From at least as early as the eighteenth century it became a tradition that, following operations involving the Royal Navy, the commanding admiral would report to the Admiralty in the form of an official despatch. Following the French wars of 1792-1815 the despatches were published and that set a precedent. After the Second World War the relevant despatches for 1939-45 were published (from 1947 onwards) as supplements to the London Gazette.
The despatches reproduced here, introduced and annotated by Professor Bennett, cover events with a huge bearing on the outcome of the war, such as the convoys in the Mediterranean and to Russia, major amphibious operations and raids such as Dieppe, alongside some of the minor operations involving the Royal Navy and, of course, D-Day. These important documents are published here in an accessible form. We are fortunate that they were written in a way designed to be understood by the public at the time. What they reveal, not only about naval operations but about their authors, is fascinating:
`The landings went very largely according to plan ... The operation was interesting.' (The disastrous Dieppe Raid, August 1942)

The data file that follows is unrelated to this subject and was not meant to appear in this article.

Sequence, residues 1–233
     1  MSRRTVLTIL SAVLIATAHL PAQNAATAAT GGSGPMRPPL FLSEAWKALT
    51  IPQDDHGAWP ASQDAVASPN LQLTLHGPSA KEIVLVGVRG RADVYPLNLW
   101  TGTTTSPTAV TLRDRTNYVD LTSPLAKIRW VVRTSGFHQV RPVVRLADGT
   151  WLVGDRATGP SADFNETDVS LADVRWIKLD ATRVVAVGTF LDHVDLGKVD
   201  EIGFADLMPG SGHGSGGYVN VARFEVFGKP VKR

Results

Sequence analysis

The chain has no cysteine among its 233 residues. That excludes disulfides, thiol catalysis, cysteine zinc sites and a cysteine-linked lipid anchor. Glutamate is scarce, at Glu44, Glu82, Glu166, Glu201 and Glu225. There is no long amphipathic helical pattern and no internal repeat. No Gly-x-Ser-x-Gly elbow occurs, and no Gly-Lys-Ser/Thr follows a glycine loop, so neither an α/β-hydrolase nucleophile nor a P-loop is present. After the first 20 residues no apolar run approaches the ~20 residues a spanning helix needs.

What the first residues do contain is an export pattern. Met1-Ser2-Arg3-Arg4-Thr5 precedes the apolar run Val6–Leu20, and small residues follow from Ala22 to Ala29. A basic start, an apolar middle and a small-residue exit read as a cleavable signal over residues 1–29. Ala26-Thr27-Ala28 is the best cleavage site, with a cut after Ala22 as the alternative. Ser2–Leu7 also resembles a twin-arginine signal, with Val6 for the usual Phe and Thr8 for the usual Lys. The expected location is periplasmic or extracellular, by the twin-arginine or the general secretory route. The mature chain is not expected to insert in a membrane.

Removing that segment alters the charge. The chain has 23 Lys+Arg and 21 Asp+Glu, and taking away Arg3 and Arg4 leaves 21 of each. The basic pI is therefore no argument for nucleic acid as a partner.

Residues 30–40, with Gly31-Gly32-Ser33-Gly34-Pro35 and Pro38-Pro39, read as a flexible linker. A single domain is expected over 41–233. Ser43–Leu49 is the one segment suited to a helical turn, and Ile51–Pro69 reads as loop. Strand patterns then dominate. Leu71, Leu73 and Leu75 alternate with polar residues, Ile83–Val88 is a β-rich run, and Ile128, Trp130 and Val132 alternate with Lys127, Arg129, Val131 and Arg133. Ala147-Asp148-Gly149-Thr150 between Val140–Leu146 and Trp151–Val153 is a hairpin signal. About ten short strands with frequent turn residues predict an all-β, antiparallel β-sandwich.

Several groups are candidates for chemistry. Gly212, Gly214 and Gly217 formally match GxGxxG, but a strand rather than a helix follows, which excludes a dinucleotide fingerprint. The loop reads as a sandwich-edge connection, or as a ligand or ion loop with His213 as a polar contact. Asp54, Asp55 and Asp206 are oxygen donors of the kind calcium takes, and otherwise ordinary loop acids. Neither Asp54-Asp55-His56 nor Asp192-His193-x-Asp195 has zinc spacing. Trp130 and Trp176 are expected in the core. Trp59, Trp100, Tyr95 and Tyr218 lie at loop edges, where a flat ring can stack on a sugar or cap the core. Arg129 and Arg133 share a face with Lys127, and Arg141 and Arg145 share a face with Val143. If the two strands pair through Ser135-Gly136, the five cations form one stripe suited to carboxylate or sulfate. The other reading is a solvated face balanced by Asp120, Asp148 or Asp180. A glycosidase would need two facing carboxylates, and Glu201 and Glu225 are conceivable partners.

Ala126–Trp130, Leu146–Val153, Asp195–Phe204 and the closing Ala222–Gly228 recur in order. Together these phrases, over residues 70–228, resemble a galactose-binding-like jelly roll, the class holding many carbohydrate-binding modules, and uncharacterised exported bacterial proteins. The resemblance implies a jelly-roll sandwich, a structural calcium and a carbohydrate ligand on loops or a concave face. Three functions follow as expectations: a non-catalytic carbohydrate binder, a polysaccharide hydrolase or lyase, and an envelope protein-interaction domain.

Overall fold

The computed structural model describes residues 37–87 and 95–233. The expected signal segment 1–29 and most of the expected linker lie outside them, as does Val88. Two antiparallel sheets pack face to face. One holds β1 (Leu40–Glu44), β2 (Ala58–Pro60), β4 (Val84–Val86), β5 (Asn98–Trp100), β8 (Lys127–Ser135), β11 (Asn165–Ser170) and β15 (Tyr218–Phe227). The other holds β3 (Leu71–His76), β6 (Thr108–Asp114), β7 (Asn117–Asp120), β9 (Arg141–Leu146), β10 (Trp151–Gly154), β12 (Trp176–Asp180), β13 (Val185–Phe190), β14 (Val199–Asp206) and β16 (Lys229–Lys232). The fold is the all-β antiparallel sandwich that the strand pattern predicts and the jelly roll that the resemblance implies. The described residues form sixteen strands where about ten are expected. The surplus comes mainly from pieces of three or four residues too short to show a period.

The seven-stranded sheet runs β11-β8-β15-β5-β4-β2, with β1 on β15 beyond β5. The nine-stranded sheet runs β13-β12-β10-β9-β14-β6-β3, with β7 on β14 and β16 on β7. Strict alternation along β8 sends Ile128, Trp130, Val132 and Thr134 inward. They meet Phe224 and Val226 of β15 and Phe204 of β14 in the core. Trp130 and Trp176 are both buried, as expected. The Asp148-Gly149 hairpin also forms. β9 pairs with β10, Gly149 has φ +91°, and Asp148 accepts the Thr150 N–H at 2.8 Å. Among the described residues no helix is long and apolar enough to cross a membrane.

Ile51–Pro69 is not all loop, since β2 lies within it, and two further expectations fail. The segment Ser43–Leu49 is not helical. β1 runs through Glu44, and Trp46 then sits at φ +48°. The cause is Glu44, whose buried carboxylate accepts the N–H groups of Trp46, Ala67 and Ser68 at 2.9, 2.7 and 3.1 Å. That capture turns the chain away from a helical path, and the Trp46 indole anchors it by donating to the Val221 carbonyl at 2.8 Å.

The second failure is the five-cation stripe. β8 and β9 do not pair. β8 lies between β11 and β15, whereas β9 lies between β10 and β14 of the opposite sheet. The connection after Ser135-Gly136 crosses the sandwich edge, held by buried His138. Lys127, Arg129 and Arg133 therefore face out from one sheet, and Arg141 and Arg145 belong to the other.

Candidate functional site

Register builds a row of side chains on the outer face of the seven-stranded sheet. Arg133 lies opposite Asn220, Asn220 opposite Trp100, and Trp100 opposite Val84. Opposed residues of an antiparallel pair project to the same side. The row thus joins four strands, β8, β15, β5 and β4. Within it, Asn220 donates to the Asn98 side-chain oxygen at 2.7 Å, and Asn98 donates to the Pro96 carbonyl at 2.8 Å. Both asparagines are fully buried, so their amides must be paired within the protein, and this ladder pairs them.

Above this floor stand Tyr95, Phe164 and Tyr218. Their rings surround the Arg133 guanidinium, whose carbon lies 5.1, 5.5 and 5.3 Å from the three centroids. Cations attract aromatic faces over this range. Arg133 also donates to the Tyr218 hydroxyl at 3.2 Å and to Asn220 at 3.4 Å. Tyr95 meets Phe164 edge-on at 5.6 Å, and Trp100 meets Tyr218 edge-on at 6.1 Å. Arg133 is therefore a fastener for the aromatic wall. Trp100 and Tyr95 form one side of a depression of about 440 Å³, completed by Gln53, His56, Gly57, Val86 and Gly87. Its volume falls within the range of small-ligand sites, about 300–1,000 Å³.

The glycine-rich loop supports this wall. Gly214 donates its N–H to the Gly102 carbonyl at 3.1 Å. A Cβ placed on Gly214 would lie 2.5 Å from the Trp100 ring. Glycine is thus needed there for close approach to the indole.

`Once the action is joined, and both sides are firing, the enemy will be the first to become erratic.' (Lt-Commander T. J. Bligh, 15 October 1944)
G. H. Bennett is an Associate Professor at the University of Plymouth. Most of his research concentrates on the Second World War (Sea, Air and Land) and the social history of the people involved. He is particularly interested in maritime history (both civilian and military) and the on-going relevance of the past to an understanding of today's maritime/naval issues. He has contributed numerous articles to journals and magazines and is the author of several books. He has appeared frequently on television programmes on the BBC and other channels.